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What makes us fat?

The standard answer, consistent with the first law of thermodynamics, is that we intake too many calories as food or we expend insufficient calories because of our sedentary lifestyle. We either eat too much or are slobs. There’s evidence that these factors alone however cannot explain it all – see here. New Scientist sets out 10 possible reasons for the obesity epidemic – the following is a summary of their discussion.

1. Not enough sleep. Several studies suggest people who sleep less than 7 hours a night have a higher body mass index (BMI) than people who sleep more. Obesity impairs sleep, so perhaps people get fat first and sleep less afterwards but it is also known that sleep loss may cause weight gain. Sleep deprivation alters metabolism because leptin, the hormone that signals satiety, falls while ghrelin, which signals hunger, rises.

We really are sleeping less. In 1960 people in the US slept an average of 8.5 hours per night. A 2002 poll by the National Sleep Foundation suggests that the average has fallen to under 7 hours.

2. Climate control. Humans like to keep our core body temperatures pretty constant regardless of what’s going on in the world. We do this by shivering or sweating. Keeping warm and staying cool take energy unless we are in the ‘thermoneutral zone’ of around 27 °C for a naked body – increasingly where we choose to live and work.

Ambient temperatures have changed in the past few decades. Between 1970 and 2000, the average British home warmed from a chilly 13 °C to 18 °C. In the US, the changes have been at the other end of the thermometer as the proportion of homes with air conditioning rose from 23 to 47% from 1978 to 1997. In the southern states – where obesity is highest – the houses with air con has shot up to 70% from 37% in 1978.

Studies of people in respiration chambers show that, in comfortable temperatures, we use less energy. In one study of women exposed to 27 °C versus 22 °C, it amounted to a difference of about a megajoule (239 kilocalories) a day. That’s the amount of energy in 27 grams of body fat.
Sweating burns up energy, however, and there’s good evidence that high temperatures reduce the amount people eat. Whether these factors significantly alter energy balance is not clear, but it’s got to be worth investigating.

3. Less smoking. Smokers are thinner than the rest of us, and quitting packs on the pounds probably because nicotine is an appetite suppressant that ups your metabolic rate.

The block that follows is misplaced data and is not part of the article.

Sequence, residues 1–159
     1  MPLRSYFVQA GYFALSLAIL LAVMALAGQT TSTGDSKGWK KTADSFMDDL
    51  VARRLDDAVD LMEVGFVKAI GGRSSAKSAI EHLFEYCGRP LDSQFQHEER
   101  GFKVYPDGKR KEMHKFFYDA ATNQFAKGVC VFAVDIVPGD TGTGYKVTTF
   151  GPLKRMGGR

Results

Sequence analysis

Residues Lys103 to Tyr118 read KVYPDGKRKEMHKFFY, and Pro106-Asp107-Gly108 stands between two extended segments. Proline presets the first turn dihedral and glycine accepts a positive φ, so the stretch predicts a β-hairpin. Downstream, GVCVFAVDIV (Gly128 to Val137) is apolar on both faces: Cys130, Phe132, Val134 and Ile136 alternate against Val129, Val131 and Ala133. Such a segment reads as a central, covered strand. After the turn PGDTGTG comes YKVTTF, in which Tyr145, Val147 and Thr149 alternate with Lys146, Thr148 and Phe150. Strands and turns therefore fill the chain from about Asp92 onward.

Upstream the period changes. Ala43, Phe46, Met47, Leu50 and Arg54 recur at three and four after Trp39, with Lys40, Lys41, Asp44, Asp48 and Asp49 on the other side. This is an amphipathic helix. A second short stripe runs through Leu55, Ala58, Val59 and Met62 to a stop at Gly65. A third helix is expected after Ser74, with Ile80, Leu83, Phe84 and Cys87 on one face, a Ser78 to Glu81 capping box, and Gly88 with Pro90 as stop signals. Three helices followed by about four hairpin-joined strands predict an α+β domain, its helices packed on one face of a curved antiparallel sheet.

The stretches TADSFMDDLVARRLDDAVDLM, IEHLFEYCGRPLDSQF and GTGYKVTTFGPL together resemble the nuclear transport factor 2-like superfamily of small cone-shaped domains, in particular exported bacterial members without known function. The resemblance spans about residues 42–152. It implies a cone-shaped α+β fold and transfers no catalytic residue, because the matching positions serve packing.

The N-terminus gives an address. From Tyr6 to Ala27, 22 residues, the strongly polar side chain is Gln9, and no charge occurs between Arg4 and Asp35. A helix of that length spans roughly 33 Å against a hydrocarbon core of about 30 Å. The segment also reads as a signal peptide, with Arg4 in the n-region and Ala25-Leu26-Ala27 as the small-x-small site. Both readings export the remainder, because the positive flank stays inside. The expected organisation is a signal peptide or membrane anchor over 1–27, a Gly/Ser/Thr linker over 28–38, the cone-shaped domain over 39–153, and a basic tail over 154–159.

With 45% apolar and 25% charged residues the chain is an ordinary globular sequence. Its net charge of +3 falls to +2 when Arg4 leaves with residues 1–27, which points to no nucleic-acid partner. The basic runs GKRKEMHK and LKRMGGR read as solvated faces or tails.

Between 1978 and 1990, the prevalence of obesity in the US increased by 9% . About a fifth of this increase can be attributed to people giving up smoking. That’s not to say that quitting smoking is a threat to public health – far from it. Smoking is so dangerous that you’d have to gain about 45 kilograms to justify continuing.

4. Prenatal effects. Your chances of becoming fat may be set before you are even born. Children of obese mothers – especially those who develop gestational diabetes – are much more likely to become obese themselves. While this may be partly down to genetics, there is also some ‘intrauterine programming’.

Offspring of mice fed a high-fat diet during pregnancy are much more likely to become fat than the offspring of identical mice fed a normal diet. Intriguingly, the effect persists for two or three generations. Grandchildren of mice fed a high-fat diet grow up fat even if their own mother is fed normally – so your fate may have been sealed even before you were conceived.
At the other extreme, energy restriction in the womb can lead to obesity later in life. This is likely if there is a period of rapid catch-up growth in the first 2 years of life. In the prosperous west, that might seem of little relevance, yet in the US the incidence of low birth-weight is now at its highest level for 30 years.

5 Fat equals fecund. Heavier people have more children. One study suggests women of normal weight or below had 3.2 children, while overweight or obese women had 3.5 children.
Does having more children make women gain weight, or does being overweight cause women to have more children? Having lots of kids can increase the chances of getting fat – if for no other reason than poor sleep as above. But people’s BMI before they become parents is associated with the number of children they eventually have.

Explanations vary. Extreme thinness impairs fertility. Extreme obesity does too, but the effect is probably stronger at the thin end. Also, obesity can lower socioeconomic status, which in turn is associated with having more children.

This is relevant to the epidemic because obesity is heritable – twin studies indicate it’s about 65% genetic so a tendency for this to be associated with having a large family will cause the proportion of overweight people to go up.